You can make a shallow copy of an entity that is not public. However, if that entity refers to a non-public entity, that is, refers to a query via a Query Binding, then the copy will not be allowed if that non-public entity is not accessible from the target module to which you want to save the copy.

The View’s deep copy feature can be used to copy a view that references a non-public entity that is not accessible from the target module. However, a warning message will be issued that the inaccessible, non-public entity will be copied and the reference will be changed to refer to the copy. This may not be what you want. You may actually want the references to be maintained because you intend to deep copy a view to a temporary module, make the desired changes to the view and its related entities, and then deep copy the view back to its original module.

You can perform either a copy of the view or a deep copy of the view without having to use the Add View work flow to invoke the copy. Moreover, if you wish to do a simple copy, but are not permitted to because of private reference restrictions, then a deep copy can optionally be invoked to minimize the duplication required to copy the specific view.

Entities that are not public may be moved to another module that has a common ancestry. Movement is restricted to such modules because the entity may have a reference to another non-public entity and thus only if it is moved to a module with common ancestry would that reference remain allowable. The tree of target modules that an entity may be moved to reflects this restriction. The only modules that are selectable in the tree are those to which the entity may be moved.

Function and Query Entities can be unit tested. When you select a Function or a Query in the Definitions Editor, a Unit Tests toolbar button is available. When you click that button, a dialog box appears, allowing you to create, edit, remove, and run unit tests.

Writing unit tests

Unit tests have three attributes:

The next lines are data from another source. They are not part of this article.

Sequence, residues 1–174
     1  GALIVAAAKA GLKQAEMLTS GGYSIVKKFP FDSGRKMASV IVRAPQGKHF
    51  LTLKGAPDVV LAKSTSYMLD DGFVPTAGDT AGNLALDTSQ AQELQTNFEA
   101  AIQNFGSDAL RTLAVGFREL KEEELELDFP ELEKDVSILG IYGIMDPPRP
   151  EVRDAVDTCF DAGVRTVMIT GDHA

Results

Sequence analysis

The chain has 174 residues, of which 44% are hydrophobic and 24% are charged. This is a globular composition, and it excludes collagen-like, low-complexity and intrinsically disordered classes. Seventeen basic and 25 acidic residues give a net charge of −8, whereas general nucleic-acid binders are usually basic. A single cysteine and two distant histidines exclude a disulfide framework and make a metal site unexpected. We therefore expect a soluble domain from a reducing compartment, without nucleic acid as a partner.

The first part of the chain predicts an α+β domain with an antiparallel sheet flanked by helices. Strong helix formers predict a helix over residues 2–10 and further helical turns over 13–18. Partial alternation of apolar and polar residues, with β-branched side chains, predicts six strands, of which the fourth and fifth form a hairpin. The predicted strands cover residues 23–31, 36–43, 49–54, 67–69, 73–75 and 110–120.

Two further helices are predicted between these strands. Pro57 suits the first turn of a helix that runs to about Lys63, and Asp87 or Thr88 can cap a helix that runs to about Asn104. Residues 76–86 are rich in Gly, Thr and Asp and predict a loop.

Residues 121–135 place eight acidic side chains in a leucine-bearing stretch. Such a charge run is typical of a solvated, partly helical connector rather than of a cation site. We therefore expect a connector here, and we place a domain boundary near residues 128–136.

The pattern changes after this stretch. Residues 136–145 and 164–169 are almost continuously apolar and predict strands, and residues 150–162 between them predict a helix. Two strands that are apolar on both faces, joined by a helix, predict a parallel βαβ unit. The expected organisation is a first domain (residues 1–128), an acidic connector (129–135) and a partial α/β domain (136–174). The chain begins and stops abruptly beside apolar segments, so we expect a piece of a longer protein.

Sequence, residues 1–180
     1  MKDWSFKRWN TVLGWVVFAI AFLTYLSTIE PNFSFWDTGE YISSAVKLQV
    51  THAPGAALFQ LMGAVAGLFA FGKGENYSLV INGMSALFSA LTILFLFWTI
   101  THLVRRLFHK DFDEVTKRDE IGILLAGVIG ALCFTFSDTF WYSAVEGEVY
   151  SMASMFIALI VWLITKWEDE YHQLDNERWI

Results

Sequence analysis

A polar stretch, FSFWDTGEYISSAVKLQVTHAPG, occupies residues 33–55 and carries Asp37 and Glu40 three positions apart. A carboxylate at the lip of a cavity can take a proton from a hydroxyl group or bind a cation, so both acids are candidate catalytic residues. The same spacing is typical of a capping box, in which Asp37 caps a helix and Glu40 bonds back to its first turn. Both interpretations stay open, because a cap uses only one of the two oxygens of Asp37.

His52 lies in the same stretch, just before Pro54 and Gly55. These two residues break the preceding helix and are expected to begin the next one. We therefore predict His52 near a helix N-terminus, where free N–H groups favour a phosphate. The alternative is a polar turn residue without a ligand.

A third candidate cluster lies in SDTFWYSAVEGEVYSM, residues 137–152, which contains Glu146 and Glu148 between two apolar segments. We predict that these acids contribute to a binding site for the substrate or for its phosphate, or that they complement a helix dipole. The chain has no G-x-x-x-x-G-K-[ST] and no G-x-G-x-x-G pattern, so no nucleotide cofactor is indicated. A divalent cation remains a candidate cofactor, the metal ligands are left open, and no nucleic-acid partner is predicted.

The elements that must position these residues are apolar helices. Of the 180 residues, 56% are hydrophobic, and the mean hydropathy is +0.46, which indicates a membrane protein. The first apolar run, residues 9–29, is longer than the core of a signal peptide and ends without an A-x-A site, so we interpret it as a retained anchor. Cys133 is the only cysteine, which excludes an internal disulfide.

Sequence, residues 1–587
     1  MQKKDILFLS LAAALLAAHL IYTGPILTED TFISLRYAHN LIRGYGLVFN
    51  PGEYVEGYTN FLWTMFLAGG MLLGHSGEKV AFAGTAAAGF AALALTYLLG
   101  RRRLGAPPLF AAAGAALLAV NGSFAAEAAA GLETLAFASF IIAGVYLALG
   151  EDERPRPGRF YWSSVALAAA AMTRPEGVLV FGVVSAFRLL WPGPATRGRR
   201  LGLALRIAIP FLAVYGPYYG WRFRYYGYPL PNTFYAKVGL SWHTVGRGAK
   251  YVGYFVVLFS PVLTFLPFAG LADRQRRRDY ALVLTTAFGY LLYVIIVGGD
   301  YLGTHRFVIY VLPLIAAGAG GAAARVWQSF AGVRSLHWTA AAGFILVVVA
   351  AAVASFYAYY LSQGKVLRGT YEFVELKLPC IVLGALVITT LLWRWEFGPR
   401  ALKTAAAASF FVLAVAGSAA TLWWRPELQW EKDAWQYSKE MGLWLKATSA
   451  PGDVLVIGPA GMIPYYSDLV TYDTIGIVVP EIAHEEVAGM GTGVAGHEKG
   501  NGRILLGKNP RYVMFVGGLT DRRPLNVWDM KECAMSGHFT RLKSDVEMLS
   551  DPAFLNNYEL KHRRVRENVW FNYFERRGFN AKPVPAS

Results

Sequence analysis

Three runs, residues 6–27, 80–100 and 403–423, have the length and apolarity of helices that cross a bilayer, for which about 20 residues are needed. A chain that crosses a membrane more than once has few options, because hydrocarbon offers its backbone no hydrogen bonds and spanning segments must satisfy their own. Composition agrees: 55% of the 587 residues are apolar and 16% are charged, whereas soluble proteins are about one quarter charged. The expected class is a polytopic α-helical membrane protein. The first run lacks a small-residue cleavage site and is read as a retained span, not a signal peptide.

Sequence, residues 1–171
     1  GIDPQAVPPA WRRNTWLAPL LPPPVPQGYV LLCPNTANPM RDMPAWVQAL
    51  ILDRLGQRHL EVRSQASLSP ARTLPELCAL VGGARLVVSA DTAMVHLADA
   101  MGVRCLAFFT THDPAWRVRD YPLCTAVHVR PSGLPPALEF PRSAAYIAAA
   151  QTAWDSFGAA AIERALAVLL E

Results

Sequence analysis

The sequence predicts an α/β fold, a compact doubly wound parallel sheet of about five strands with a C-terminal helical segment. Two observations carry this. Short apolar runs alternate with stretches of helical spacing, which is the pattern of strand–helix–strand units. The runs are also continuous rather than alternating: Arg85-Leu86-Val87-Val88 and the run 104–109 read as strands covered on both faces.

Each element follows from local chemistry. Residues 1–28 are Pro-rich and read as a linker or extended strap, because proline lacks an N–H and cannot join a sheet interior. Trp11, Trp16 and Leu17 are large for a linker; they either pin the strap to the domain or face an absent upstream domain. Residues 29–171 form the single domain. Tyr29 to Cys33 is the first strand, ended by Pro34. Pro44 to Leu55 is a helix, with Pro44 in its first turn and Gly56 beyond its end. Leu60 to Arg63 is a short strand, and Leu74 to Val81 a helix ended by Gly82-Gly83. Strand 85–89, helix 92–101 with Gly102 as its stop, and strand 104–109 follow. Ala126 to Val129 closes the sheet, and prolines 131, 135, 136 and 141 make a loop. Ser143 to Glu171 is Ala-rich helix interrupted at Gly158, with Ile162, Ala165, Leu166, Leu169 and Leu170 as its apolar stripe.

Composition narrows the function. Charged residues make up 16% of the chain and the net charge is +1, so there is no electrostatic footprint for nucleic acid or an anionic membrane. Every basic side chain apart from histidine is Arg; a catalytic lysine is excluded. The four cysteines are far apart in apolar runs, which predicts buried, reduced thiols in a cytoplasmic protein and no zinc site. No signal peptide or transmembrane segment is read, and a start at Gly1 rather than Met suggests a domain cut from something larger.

name: The name of the test. Must be unique per function/query.
timeout: The maximum time (in seconds) that the unit test is allowed to run. If the test exceeds the maximum, then the run will be stopped automatically
script: The script of the unit test.

Unit test scripts have a TestHelper class available to them. It contains useful methods for unit tests.

For functions, the testHelper is an instance of FunctionUnitTestHelper. For queries, the testHelper is an instance of QueryUnitTestHelper.

The only difference between these two helpers is that the invoke(Object... arguments) method has different return types and throws different exceptions.

Noteworthy test helper methods are listed in the following table.

invoke(Object... arguments)

Use this method to invoke the function/query being unit tested. It will take into account the current SpecificTimeRange.


Use this method to set the current SpecificTimeRange. If a helper method is subsequently called which needs a SpecificTimeRange, a TimeRange or a timestamp, one will be used that reflects the current SpecificTimeRange.

Assertion methods

There are a number of JUnit-like assertion methods for checking conditions in your unit test. For more information, see the FunctionUnitTestHelper and QueryUnitTestHelper API documentation.


If your unit test can potentially take a long time to run, use this method to check if the test has been cancelled (either by a manual stop or because it has exceeded the TestCase’s timeout).


In general, the Web Component Framework and Foglight® are concerned with the collection of information over time. These collections are called observations. Observations can be of any kind of object. Observations that are handled specially by the Web Component Framework are Metrics and Enum Observations. The scope and quality of the information returned by an observation in the Web Component Framework is determined by the time range used to retrieve the information.